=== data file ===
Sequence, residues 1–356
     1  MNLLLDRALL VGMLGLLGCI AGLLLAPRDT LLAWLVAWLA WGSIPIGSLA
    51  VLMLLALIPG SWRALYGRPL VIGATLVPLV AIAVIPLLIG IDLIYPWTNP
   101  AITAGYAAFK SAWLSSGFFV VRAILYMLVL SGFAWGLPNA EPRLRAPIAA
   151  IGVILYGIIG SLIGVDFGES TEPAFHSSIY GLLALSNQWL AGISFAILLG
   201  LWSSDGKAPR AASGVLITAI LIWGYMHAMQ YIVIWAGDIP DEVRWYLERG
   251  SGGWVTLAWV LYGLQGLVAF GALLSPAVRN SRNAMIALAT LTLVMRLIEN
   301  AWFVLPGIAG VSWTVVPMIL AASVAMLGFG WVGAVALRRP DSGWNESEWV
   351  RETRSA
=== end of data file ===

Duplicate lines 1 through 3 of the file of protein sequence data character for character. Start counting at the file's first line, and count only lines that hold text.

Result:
Sequence, residues 1–356
     1  MNLLLDRALL VGMLGLLGCI AGLLLAPRDT LLAWLVAWLA WGSIPIGSLA
    51  VLMLLALIPG SWRALYGRPL VIGATLVPLV AIAVIPLLIG IDLIYPWTNP